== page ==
Berwick emphasized that unlike in managed care, Medicare beneficiaries in an ACO have unfettered choice of providers.

“The provider may not indicate to the beneficiary that there is any restriction on their choice whatsoever,” said Berwick. “As far as the beneficiary is concerned they are in the normal Medicare system and they may go anywhere they wish.”

The American Medical Association (AMA) said in a statement that it will review the regulations but also issued a caution.

“ACOs offer great promise for improving care coordination and quality while reducing cost, but only if all physicians who wish to are able to lead and participate in them,” said Jeremy A. Lazarus, speaker of the American Medical Association House of Delegates. “For this to happen, significant barriers must be addressed, including the large capital requirements to fund an ACO and to make required changes to an individual physician’s practice, existing antitrust rules and conflicting federal policies.”

Under the law, an ACO must include primary care providers responsible for coordinating treatment for at least 5,000 Medicare beneficiaries. They must participate for three years. The premise of ACOs is that if the practitioners involved work carefully together to avoid duplicative or wasteful care, they can save Medicare money.

Administration officials speaking on background said that much of the nation’s medical care is fragmented, developed in pieces without connections among providers. The price is paid by patients and their families, who face a lack of coordination that can result in unnecessary testing and repetitive requests for medical histories. “It’s easy for patients to get confused, to feel lost,” said one official.

Physicians have been somewhat uneasy about the concept, though. While they recognize the need for change, many are fine with the current system and worry about being overshadowed by larger players within the ACOs. The AMA has laid out a set of principles for ACOs, chief among them that physicians retain the main role for medical decision-making.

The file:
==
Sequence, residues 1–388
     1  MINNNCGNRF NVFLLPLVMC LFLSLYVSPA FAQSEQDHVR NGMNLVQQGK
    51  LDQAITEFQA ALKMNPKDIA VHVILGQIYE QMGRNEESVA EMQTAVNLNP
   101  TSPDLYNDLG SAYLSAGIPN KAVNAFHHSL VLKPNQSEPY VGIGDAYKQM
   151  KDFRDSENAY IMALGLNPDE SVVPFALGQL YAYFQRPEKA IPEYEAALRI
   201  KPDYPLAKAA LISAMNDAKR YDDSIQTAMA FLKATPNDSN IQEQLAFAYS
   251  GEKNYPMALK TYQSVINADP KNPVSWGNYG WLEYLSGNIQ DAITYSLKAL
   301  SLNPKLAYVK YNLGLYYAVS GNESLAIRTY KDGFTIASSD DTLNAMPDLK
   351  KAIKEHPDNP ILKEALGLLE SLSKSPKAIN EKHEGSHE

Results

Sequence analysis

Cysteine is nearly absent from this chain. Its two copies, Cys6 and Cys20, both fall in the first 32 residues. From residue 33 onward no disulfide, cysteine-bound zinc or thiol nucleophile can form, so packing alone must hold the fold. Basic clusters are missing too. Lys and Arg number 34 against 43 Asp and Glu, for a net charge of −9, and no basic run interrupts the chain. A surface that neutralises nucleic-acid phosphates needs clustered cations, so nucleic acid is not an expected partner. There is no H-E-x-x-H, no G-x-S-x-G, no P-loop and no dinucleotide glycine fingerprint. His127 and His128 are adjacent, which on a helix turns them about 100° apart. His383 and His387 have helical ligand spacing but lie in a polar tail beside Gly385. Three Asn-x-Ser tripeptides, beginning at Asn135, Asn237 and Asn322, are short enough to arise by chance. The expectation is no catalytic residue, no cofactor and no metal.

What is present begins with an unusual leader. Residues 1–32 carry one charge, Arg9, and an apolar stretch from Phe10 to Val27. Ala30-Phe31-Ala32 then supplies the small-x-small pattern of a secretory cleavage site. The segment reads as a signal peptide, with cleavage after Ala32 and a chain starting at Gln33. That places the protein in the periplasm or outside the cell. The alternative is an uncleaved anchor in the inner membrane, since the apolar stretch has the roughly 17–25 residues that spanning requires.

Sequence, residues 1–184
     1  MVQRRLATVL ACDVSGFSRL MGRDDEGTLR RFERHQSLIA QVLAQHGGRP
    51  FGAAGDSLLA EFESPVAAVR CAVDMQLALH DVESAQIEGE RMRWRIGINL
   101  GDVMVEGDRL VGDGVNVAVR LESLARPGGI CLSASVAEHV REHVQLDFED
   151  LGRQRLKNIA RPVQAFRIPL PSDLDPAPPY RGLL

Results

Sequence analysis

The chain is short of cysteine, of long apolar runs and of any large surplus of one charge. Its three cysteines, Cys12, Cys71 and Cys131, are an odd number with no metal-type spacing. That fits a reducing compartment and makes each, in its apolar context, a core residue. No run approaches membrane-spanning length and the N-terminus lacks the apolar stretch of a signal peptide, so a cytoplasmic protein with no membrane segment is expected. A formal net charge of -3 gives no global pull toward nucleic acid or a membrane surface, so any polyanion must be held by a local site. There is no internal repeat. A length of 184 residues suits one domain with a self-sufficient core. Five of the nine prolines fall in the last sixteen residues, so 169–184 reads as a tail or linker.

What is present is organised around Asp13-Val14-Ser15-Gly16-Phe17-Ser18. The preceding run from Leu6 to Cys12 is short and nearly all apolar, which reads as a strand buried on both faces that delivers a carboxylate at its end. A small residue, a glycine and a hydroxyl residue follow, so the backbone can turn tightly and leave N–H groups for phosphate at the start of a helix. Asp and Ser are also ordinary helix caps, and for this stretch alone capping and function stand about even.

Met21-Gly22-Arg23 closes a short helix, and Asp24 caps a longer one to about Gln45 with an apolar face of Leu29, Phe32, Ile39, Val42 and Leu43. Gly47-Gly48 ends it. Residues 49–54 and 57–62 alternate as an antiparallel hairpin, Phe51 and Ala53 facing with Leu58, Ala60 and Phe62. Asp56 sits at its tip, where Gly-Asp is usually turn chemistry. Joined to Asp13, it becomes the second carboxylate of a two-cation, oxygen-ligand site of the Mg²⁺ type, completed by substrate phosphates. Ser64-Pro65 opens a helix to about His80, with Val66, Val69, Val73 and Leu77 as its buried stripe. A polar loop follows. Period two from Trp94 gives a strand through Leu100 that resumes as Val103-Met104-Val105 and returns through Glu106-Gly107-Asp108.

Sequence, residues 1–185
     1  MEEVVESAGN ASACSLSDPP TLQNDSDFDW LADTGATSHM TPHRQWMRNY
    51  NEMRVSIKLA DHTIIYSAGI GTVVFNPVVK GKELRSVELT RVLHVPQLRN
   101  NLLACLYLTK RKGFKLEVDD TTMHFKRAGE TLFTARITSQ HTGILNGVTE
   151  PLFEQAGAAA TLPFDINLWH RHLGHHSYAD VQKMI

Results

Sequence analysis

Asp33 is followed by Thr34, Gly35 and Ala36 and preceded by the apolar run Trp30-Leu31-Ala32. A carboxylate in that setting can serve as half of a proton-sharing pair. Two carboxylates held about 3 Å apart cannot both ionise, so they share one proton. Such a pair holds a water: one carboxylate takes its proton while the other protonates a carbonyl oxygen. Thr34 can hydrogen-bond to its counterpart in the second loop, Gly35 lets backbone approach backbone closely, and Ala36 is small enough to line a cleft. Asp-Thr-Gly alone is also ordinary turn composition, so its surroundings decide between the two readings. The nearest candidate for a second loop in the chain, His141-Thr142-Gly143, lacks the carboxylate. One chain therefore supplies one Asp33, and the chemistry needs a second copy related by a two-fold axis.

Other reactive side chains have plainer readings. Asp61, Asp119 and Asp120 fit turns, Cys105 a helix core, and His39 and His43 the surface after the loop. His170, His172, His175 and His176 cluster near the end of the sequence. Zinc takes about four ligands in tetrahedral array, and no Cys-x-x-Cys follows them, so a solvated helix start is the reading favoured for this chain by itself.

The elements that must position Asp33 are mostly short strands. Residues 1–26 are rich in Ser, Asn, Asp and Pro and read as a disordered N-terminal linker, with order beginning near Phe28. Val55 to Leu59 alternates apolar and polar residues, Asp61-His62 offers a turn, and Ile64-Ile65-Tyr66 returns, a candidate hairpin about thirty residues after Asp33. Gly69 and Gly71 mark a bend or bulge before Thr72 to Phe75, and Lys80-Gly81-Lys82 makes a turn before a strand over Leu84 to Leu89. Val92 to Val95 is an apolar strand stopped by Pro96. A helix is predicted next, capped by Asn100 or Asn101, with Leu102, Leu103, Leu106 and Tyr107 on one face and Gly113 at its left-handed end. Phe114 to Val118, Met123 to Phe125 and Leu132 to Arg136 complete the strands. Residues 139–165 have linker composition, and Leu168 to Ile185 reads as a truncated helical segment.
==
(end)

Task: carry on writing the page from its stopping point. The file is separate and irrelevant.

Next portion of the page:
One major question is whether ACOs will live up to their intended purpose of bringing new efficiency and better quality to traditional Medicare, given that seniors will have the right to opt out of these organizations.

The idea of ACOs was bounced around by health policy experts long before the enactment of the health care law. “The approach is practical and feasible,” Elliott S. Fisher, a Dartmouth College researcher, said in a 2009 analysis co-written by Mark B. McClellan, former administrator of the Centers for Medicare and Medicaid Services and now director of the Engleberg Center for Health Care Reform at the Brookings Institution. Other co-authors include John M. Bertko, a former executive with the insurer Humana, Inc.

The approach also is “voluntary for providers, builds on current referral patterns, requires no change in benefits or lock-in for beneficiaries, and offers the possibility of sustained provider incomes even as total costs are constrained,” said the analysis that was posted on the Web site of the policy journal Health Affairs.

John Reichard can be reached at [email protected] .  
Jane Norman can be reached at
[email protected] .